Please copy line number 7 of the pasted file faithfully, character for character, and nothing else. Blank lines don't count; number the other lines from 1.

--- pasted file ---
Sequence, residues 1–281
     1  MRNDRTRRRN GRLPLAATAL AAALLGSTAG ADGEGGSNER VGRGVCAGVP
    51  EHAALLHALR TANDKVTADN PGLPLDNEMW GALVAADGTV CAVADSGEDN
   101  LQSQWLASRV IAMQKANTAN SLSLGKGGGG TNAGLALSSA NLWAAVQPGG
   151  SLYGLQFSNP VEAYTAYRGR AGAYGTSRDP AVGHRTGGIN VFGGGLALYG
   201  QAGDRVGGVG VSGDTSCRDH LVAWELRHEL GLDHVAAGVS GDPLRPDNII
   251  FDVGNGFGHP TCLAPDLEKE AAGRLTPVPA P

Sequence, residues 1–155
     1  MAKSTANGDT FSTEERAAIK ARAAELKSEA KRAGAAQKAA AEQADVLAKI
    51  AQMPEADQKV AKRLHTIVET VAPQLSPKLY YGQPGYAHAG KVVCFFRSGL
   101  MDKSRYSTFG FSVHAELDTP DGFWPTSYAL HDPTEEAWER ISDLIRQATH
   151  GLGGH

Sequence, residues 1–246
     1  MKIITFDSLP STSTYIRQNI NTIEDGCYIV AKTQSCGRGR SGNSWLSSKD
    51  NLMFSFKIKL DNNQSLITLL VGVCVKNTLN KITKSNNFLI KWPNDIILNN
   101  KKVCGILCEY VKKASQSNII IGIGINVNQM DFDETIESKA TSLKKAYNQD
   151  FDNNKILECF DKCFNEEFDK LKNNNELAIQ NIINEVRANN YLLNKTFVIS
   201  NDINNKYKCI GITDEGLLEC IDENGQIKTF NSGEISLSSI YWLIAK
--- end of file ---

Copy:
   251  FDVGNGFGHP TCLAPDLEKE AAGRLTPVPA P